Ford will create more than 6,000 jobs in the United States by boosting production of electric vehicles
Ford Mustangs go through assembly at the Ford Flat Rock Assembly Plant on August 20, 2015 in Flat Rock, Michigan.
Ford Motor said Thursday it will add about 6,200 union jobs in the Midwest as it revamps three plants to build new electric and gas-powered models, including a new seventh-generation version of the Mustang coupe.
The plant investments, expected to cost $3.7 billion, will be used to retool the plants to build a new commercial electric vehicle and all-new versions of the gasoline-powered Ford Mustang and Ford Ranger. Ford will also add workers to increase production of Ford Transit commercial vans and Ford F-150 Lightning electric pickups.
The company didn’t provide any details about the new electric utility vehicle, except to say that it will begin production “in the middle of the decade” at an existing plant in Ohio.
In addition to the new jobs, nearly 3,000 temporary employees at the plant will become full-time hourly employees ahead of a schedule negotiated with the United Auto Workers, said Kumar Galhotra, president of the internal combustion business.” Ford Blue” from Ford, in a media. Report.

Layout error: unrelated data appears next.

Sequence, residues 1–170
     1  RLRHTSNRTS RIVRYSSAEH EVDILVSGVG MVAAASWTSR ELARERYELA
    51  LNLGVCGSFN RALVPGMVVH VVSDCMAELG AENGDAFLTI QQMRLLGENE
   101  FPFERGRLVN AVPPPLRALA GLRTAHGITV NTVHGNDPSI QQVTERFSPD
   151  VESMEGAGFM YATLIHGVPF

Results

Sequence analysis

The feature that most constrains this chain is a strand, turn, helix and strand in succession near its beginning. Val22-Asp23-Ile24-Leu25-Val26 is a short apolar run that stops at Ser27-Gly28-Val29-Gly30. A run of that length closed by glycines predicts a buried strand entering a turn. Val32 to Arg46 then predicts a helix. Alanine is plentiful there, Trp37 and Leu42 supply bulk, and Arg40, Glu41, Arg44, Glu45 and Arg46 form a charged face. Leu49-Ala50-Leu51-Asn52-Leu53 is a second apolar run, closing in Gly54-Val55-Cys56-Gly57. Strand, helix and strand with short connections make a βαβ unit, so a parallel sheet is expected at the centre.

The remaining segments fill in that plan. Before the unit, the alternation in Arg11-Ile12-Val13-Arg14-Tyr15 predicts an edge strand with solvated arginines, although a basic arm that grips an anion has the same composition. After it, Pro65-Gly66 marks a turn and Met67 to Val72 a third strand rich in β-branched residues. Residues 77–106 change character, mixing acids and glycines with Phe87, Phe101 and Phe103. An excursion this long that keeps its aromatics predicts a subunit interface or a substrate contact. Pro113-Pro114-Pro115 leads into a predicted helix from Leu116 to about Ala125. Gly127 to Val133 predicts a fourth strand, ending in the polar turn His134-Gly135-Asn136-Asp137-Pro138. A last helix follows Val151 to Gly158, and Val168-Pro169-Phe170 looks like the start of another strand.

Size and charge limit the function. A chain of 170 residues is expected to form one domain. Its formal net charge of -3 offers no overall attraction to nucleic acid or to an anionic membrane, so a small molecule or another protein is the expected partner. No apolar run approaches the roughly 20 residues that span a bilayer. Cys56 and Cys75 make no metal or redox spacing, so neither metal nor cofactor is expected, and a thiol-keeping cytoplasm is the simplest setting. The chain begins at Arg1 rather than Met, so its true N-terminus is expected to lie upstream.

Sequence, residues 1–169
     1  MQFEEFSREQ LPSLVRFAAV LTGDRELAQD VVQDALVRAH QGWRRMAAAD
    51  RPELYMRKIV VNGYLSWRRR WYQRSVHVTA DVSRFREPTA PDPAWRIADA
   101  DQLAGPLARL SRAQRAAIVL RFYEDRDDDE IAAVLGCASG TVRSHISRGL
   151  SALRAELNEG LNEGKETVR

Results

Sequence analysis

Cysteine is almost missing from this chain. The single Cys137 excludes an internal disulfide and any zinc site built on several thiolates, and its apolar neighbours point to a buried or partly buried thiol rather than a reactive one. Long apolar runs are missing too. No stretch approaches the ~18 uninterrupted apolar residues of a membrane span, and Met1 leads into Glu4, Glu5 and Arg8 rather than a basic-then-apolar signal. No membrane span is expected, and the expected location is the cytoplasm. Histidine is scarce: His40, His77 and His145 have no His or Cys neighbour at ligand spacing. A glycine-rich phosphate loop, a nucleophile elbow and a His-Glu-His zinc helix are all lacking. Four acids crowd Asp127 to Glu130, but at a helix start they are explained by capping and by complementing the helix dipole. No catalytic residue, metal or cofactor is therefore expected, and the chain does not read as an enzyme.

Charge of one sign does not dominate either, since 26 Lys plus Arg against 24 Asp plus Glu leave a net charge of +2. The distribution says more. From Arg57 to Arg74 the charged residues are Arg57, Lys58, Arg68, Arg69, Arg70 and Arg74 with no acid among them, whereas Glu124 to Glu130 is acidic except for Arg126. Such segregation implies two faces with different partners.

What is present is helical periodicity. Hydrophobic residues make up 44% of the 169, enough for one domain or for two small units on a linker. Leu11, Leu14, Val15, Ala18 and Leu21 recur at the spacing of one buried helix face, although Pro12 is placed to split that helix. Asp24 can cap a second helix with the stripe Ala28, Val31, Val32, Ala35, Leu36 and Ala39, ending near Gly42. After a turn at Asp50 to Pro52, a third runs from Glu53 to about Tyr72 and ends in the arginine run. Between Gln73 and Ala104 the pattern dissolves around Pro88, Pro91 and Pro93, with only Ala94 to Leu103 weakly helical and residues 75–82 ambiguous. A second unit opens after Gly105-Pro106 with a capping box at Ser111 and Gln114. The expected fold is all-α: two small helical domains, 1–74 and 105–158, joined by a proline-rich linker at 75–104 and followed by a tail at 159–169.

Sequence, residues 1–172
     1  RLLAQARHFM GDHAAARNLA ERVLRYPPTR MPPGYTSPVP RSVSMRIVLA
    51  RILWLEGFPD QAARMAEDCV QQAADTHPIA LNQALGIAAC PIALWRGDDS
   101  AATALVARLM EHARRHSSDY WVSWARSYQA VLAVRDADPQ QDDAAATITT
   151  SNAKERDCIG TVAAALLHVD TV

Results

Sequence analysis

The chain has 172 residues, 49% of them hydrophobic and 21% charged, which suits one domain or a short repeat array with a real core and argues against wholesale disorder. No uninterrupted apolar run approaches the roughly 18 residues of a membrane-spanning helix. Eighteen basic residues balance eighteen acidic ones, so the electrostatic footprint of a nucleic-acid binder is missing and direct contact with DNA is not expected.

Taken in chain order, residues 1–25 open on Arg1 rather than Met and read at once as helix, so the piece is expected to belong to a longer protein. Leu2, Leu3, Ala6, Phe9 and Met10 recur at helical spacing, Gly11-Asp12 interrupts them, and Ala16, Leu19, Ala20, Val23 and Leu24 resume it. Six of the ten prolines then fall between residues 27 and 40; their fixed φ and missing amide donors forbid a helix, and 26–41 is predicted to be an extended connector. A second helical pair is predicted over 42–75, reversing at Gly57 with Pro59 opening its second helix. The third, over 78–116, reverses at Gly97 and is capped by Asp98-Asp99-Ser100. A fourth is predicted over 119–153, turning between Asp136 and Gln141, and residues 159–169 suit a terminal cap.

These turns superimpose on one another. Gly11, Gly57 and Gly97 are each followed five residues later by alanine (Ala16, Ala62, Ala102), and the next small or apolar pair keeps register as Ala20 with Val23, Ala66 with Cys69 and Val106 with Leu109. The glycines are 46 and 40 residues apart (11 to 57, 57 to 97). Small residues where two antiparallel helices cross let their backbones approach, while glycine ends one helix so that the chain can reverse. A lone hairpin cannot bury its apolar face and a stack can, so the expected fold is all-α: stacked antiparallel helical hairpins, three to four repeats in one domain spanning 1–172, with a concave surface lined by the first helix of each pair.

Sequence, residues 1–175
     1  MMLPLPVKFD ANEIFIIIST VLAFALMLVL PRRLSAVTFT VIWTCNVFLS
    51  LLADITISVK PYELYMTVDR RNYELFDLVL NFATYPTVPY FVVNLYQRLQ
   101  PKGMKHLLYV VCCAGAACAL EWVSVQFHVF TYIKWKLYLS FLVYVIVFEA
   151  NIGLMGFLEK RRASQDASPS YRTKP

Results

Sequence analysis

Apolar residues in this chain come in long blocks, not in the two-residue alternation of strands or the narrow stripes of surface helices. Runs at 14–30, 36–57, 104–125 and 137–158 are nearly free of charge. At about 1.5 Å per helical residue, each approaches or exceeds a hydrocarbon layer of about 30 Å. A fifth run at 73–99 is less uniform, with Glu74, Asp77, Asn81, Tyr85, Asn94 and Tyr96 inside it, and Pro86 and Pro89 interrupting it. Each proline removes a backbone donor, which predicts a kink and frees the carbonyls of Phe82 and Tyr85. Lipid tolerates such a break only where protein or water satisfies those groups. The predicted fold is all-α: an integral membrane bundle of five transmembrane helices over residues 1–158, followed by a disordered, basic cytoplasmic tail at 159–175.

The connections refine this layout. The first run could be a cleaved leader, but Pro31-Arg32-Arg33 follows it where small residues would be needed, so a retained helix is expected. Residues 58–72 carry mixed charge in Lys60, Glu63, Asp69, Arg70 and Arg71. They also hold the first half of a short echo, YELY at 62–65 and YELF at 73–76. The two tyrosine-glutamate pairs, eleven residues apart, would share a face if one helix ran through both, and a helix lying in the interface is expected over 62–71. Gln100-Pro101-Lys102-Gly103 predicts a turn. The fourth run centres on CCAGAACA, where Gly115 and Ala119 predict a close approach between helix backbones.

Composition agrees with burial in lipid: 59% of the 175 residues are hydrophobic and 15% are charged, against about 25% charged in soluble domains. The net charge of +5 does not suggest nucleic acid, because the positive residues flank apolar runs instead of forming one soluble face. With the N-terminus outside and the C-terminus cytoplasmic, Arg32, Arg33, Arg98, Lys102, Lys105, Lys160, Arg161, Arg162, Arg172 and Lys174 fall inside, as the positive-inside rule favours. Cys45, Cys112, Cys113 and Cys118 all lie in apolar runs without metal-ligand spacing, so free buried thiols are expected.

All of these employees will immediately receive wage increases and health care benefits, Galhotra said.
Following talks with the UAW, Ford said it will also spend $1 billion over the next five years to improve workplaces at U.S. factories, including better parking lot lighting and more lighting. food options in cafeterias.
The victories for the union come as many U.S. businesses struggle to hire workers and inflation fuels Americans’ uncertainty about their finances.
It’s unusual for a Detroit automaker to give major concessions to UAW-represented workers outside of the contract renewal process, which takes place every four years. The current labor agreement between Ford and the UAW is not up for renewal until September 2023.
The moves may be intended to allay union concerns about two massive new Ford electric vehicle plant campuses in Kentucky and Tennessee that may not have UAW representation. Both states are so-called “right to work” states, and Ford said it would allow its hourly workers in those states to choose whether they want to be represented by the union.
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